Human rights defenders: indispensable agents of democracy in DR Congo
Congo (the Democratic Republic of the)Human rights defendersNews
Kinshasa, 5 February 2018 – Over the current election period, there have been many constraints on the rights and freedoms of human rights defenders and pro-democracy activists in the Democratic Republic of the Congo (DR Congo); this has been a source of political and social tension. Threats, arbitrary arrests, and unwarranted legal action have increased dramatically, indicating growing restrictions on the public sphere.* ASF believes that these actors play an indispensable role in any democratic process.
According to Gilles Durdu, Country Director in DR Congo, “A democracy depends on the ability to freely express diverse opinions, and on the votes of well-informed citizens. The role of human rights defenders is therefore crucial at election time. They help citizens to participate effectively in the democratic debate by, for example, putting issues of public interest at the centre of the election campaign. They contribute to the vital civic education of the people, enabling them to take part in the electoral process in an informed manner and to assert their rights.”
One of the essential conditions for the promotion and protection of the rights of Congolese people, therefore, is the defence of the rights and freedoms of those who give a voice to others.
Since the start of the current election period, ASF has been working alongside these defenders, ensuring, for example, that they have quality legal protection when they are threatened or attacked or when their activities are criminalised, if they face legal proceedings, and/or if they are placed in detention.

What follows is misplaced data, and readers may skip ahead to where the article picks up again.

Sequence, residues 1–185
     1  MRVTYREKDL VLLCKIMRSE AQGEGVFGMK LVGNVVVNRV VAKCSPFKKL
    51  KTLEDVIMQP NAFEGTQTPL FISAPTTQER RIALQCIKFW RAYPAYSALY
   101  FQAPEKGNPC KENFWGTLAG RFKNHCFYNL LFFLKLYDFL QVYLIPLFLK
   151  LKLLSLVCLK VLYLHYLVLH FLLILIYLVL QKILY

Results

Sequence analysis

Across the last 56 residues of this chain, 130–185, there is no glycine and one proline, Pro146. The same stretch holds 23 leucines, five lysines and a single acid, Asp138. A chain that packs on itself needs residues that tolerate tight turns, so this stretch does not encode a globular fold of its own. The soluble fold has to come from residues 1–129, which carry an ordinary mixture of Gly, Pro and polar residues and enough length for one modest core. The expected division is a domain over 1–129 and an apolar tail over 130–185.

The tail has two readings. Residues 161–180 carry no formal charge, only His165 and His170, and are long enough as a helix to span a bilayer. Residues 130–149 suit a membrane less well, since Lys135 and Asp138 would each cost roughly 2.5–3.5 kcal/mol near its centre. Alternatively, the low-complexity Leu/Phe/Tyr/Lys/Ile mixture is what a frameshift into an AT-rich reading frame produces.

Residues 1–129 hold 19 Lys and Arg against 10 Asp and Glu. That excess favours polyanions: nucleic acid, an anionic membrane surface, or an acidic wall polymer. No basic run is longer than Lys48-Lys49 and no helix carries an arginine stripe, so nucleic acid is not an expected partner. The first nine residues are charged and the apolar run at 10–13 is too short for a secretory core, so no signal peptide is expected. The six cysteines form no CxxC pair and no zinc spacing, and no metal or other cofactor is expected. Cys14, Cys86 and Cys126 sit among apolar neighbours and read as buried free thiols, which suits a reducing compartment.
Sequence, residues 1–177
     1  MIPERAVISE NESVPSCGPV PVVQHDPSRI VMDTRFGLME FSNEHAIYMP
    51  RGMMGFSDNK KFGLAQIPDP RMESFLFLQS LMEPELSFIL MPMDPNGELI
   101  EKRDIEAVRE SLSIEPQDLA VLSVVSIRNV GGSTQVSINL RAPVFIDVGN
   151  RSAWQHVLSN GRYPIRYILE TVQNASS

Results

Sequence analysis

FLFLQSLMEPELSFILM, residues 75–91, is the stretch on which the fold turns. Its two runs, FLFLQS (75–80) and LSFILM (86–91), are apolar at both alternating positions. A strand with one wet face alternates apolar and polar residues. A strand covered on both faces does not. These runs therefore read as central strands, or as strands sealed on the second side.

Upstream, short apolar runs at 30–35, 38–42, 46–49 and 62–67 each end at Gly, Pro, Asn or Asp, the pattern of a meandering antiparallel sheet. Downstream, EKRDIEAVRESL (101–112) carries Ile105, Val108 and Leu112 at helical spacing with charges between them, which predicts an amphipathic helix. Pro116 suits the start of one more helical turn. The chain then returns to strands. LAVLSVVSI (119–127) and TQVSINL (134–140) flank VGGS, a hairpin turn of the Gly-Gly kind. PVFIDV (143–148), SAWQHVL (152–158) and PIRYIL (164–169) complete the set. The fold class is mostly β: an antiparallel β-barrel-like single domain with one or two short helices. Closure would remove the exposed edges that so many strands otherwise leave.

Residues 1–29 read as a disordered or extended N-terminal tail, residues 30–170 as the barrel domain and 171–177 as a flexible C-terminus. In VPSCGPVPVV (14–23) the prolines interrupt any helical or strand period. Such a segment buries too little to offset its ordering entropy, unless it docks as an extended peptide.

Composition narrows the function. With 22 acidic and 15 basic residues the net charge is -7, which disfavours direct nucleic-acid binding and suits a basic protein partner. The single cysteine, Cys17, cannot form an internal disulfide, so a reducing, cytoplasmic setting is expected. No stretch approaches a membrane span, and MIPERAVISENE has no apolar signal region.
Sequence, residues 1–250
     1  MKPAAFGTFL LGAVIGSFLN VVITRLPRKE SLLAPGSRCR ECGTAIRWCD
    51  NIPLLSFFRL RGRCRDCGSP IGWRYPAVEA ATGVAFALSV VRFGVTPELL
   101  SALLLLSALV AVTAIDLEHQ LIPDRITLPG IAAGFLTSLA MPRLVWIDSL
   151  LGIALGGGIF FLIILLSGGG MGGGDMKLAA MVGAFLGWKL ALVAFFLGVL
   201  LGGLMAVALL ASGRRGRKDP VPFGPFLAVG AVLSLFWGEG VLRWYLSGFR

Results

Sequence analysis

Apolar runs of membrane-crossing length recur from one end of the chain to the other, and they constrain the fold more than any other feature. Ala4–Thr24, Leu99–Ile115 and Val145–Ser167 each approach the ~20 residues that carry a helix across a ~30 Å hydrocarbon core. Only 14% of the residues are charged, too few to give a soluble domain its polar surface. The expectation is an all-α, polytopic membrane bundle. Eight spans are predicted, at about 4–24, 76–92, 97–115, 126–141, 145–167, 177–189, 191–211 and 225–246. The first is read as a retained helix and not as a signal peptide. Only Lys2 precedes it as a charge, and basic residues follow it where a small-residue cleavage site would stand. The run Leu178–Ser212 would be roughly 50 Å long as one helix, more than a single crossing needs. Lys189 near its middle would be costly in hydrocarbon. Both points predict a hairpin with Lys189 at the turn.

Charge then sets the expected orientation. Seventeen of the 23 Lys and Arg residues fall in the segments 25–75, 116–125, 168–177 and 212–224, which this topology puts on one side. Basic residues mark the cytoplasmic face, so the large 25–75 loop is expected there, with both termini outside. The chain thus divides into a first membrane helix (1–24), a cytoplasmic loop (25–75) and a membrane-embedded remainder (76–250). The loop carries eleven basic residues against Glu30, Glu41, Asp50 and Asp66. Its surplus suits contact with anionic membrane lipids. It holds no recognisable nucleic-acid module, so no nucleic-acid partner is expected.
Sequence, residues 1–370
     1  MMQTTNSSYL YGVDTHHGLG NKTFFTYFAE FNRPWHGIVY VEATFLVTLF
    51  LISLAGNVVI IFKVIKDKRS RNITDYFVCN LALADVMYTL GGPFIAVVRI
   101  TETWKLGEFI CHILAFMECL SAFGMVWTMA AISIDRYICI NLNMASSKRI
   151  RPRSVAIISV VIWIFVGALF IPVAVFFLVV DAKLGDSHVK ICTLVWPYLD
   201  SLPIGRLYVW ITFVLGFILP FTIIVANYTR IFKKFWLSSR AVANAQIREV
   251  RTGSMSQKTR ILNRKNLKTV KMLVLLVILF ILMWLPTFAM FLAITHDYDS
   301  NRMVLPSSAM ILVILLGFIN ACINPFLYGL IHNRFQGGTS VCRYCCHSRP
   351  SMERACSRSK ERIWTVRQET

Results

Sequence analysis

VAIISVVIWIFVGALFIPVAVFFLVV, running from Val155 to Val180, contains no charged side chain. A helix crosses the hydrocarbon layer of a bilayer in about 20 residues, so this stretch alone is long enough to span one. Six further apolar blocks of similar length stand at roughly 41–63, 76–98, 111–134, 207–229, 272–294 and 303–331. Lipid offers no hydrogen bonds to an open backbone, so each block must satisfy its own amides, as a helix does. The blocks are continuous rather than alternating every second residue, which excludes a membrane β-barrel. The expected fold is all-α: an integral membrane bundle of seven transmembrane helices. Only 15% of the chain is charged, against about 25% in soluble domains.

“As part of a project funded by the Embassy of Belgium that ended at the beginning of this year (2018), we were able to provide legal assistance to nearly 300 human rights defenders,” says Gilles Durdu.
This project also assisted people who were placed in detention for participating in the public demonstrations, organised by civil society organisations and grassroots movements, to demand the organisation of the elections; and those who were arrested while simply going about their business near to where the demonstrations took place. “We took action, for example, to help twenty or so people who had been given very heavy sentences, ranging from three to twenty years in prison, following the demonstrations in September and December 2016. They were all acquitted on appeal and freed thanks to the excellent work of our lawyers and the strict application of the law by the judges,” says Gilles Durdu.**
ASF is continuing its efforts to protect the rights and freedoms of defenders, within the framework of a project funded by the Embassy of the Netherlands, so that they can play a full role in the pursuit of peaceful and transparent elections, in a healthy and peaceful working environment.
* In 2017, the United Nations Joint Human Rights Office documented no fewer than 1,375 human rights and civil liberties violations connected to the elections across the whole of DR Congo, an increase of 25% compared to 2016, a year in which there were also many violations. The most frequently reported violations were attacks on the right to individual freedom and safety, freedom of peaceful assembly, and freedom of opinion and expression. Members of civil society organisations, peaceful grassroots movements, and journalists were among the main victims of these violations.